Given that Bomber Admin has spent a fair bit of the last couple of years fighting to maintain the "good old British" right of the minority to outvote the majority, it's somewhat curious that he still feels qualified to lecture the rest of us on democratic principles. Nevertheless, that's what he's been up to this afternoon on Twitter. Apparently he feels that the SNP have no "mandate" to add a devo max question to the independence referendum. Hmmm. Leaving aside the fact that the dogs on the street have known for years that the SNP were minded to do just that (ie. it wasn't exactly kept a secret from the electorate in May), I have a bit of a problem with the idea that a 'mandate' is a prerequisite for holding a democratic vote. It's almost a contradiction in terms - the whole point of a referendum is that you're conceding you can't act without a mandate. Doing something that isn't in your manifesto is much more problematical if you do it without a referendum - for example, if you introduce top-up fees in spite of being elected on a manifesto pledge that "we will not introduce top-up fees and have legislated to prevent them". But I digress. Let's have a closer look at Tom's logic -
Democratic Principle 1 - It is illegitimate for a government to hold a referendum that they do not have a specific mandate for.
Democratic Principle 2 - If the SNP government hold a Devo Max referendum, David Cameron's government would then have a "responsibility" to breach Democratic Principle 1 and hold an independence referendum they have no specific mandate for.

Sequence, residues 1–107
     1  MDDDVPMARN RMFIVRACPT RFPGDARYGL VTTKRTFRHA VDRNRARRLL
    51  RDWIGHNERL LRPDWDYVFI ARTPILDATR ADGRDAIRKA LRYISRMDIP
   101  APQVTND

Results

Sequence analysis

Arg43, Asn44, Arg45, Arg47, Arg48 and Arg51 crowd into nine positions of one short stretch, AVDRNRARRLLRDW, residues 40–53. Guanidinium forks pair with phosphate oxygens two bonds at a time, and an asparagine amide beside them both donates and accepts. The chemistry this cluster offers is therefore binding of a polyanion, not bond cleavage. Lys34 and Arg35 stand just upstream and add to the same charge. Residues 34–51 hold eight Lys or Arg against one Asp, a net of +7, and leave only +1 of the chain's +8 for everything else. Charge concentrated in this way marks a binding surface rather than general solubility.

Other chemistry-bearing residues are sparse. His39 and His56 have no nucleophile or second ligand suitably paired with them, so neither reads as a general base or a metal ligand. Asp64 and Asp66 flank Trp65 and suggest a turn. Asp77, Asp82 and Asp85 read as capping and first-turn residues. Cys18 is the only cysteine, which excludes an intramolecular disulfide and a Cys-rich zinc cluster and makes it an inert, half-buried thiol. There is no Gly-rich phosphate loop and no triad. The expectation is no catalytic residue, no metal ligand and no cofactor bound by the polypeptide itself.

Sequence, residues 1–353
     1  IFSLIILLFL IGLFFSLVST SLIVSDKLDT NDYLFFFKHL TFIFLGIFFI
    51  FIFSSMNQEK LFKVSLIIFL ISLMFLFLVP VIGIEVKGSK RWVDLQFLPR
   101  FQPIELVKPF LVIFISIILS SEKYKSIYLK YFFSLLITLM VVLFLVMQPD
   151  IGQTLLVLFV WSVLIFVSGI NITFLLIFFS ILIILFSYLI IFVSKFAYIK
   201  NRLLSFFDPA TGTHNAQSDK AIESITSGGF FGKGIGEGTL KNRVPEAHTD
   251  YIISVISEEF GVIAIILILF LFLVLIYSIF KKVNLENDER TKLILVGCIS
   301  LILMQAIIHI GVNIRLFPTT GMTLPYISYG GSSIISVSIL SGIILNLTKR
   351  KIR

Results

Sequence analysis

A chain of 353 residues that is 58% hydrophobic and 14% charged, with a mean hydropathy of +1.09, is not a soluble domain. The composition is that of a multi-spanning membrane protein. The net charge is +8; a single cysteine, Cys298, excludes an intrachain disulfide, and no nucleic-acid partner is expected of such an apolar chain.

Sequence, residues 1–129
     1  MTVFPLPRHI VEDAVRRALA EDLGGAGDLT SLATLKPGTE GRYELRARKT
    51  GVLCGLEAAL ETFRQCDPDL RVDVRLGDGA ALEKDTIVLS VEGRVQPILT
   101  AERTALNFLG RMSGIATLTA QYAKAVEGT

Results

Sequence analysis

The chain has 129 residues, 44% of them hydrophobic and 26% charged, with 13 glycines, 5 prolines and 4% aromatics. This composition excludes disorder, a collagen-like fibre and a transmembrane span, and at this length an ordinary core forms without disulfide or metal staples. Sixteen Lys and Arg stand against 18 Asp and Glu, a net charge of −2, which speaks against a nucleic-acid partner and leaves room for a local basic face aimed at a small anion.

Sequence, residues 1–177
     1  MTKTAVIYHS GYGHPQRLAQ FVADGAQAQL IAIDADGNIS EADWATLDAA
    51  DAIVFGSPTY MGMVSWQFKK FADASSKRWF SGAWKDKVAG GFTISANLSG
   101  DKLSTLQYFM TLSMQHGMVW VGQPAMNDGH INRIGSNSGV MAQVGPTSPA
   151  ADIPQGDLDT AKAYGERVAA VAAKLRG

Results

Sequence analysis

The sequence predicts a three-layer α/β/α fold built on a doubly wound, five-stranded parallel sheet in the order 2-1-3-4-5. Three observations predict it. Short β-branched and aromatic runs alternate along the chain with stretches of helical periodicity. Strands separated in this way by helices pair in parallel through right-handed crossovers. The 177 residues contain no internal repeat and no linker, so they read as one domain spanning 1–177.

Oh-kaaay. I think I can perhaps translate the Harris doctrine into plainer language -
The SNP require an unambiguous mandate to do anything. But everyone else has a duty to act without a mandate if it would thwart the SNP.
It's not hard to see that Tom is a keen student of the Blairite dark arts. It rather calls to mind the novel principle of the "unreasonable UN veto" that Blair plucked out of thin air in his more desperate moments in the run-up to the illegal invasion of Iraq. It went something like this -
International Law Principle 1 - Even if the vast majority of Security Council members vote for a resolution, it carries absolutely no weight if one of the permanent members veto it. There's no use complaining about Israel using their American chums to get them off the hook time and again - them's the rules.
International Law Principle 2 - Principle 1 naturally doesn't count if it's France or Russia vetoing US/UK military adventurism. In those circumstances, we really have to stop being so fussy about "rules" and consider other relevant factors, ie. that George and me really want to do this.
Ah, Tom and Tony, you guys - killing us with Reason.